Basit Khan

CHARSADDA: The administration of District Headquarters Hospital Charsadda has banned media from making any kind of news coverage in the hospital.

Under the directions of Medical Superintendent (MS) Dr Jehanzeb Khan, banners have been displayed at different places in DHQ Charsadda Hospital where it has been conveyed to journalists and other people that no one is allowed to take any picture or make any news about the hospital matters. It said the patients can inform the management directly about any problems. It said those making news against the hospital administration will face legal action.

A girl died at DHQ Charsadda Hospital during treatment last month, and her parents blamed the hospital administration for negligence. The parents said their daughter was not provided oxygen in time, due to which she died. Afterwards, the hospital had banned ‘unnecessary’ x-ray, after which the patients were compelled to go for x-ray at private laboratories and spend from their own pockets.

Another report had also surfaced about provision of electricity from express line of the hospital to DC Office Charsadda. Sources said the MS misused his powers in giving the hospital electricity to the DC office and Charsadda Jail. The said issues got wide coverage in media due to which the hospital administration was under fire.

Journalists’ reaction

Senior journalist Shabbir Jan, who is associated with Mashaal Radio, says the hospital administration can impose some rules for devising procedure for news coverage, particularly where the female patients are involved, but banning media from sharing news about public importance or about negligence of staff is illegal and unethical as well.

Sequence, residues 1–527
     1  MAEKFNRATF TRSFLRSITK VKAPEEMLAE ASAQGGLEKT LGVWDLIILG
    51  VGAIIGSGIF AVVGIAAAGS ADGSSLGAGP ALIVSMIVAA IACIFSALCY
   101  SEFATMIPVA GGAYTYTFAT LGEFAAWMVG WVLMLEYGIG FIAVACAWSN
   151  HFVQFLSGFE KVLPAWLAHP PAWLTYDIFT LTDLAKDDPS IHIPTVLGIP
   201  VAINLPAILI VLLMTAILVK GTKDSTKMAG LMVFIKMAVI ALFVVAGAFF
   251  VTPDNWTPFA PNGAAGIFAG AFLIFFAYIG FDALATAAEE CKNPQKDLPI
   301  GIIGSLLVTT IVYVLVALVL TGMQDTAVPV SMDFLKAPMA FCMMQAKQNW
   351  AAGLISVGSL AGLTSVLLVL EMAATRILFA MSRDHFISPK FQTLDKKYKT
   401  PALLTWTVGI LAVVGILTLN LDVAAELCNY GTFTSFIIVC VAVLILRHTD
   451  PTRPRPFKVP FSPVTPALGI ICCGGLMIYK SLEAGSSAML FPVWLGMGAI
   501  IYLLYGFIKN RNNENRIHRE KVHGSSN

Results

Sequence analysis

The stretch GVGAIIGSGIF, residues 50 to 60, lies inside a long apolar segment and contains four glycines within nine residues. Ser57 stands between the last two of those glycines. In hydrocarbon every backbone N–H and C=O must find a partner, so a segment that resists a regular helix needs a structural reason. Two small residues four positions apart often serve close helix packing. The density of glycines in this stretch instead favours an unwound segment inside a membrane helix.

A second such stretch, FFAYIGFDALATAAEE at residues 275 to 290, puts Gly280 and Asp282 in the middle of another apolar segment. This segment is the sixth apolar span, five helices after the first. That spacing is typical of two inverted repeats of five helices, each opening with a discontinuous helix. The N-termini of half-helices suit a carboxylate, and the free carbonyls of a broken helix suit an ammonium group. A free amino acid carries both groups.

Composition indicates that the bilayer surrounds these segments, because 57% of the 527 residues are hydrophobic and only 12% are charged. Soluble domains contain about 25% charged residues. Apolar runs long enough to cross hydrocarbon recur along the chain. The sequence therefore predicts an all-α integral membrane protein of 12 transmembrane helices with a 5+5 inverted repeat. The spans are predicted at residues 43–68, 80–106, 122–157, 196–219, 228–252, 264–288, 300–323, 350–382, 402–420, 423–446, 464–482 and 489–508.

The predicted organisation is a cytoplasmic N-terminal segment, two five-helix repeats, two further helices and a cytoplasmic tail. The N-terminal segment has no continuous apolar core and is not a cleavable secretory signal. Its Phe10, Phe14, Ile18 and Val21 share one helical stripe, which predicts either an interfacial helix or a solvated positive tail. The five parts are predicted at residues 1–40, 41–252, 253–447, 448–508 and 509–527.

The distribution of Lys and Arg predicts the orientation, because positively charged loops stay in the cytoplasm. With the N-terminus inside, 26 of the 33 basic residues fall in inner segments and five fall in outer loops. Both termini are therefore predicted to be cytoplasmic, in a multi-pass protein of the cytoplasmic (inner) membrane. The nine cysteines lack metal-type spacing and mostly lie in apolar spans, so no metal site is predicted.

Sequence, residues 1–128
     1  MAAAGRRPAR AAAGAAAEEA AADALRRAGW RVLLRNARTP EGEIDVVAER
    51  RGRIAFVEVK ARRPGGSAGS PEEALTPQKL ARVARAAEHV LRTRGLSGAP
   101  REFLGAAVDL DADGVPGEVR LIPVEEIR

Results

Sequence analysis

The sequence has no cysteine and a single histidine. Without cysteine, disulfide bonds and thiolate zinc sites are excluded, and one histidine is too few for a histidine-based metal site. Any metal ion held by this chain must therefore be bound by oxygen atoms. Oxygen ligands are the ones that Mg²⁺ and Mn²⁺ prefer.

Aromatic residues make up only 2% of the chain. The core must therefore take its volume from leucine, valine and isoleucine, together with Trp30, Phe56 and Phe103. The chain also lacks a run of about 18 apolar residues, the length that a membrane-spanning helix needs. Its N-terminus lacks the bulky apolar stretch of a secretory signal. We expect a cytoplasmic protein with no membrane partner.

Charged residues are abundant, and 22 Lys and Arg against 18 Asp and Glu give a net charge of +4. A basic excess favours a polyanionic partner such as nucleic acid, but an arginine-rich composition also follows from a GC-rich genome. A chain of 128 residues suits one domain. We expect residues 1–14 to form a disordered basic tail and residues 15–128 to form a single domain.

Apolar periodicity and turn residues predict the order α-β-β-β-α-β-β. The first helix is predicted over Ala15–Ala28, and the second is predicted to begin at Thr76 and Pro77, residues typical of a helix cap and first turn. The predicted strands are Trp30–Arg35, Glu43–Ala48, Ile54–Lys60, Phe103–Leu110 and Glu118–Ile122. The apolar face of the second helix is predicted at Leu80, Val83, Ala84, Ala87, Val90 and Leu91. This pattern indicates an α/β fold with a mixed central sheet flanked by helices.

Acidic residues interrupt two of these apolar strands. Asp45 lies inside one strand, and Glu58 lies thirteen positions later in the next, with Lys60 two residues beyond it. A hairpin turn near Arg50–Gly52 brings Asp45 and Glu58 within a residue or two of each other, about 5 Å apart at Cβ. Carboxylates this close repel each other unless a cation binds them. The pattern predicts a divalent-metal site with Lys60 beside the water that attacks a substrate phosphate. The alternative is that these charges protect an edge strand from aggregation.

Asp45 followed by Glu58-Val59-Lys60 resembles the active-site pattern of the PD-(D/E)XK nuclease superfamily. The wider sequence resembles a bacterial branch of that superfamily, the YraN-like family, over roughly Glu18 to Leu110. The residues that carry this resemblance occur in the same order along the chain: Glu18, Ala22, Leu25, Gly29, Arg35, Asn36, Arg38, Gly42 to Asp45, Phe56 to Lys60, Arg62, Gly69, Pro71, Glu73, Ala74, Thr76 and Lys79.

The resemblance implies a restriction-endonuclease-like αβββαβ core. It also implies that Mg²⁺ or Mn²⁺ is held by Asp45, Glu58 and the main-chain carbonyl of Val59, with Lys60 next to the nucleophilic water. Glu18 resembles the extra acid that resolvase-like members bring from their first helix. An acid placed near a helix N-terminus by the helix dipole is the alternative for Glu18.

Shabbir Jan was of the view that harassment of journalists and censorship is seen everywhere since this government has come to power.

Lihaz Ali, a Peshawar-based senior journalist, told TNN that several incidents of exchange of hot words between the hospital administration and journalists have happened. He says journalists were free to report any issue in hospitals, but in 2014 a code of conduct was introduced under which the permission of hospital administration was declared mandatory for any news coverage.

Lihaz Ali says it is the professional right of journalists to report any mismanagement or highlight problems faced by patients. He says several institutions have issued notices to journalists just because they unmasked their irregularities. He agrees that a journalist should fully work objectively under the code of conduct and not act as a party to any dispute.

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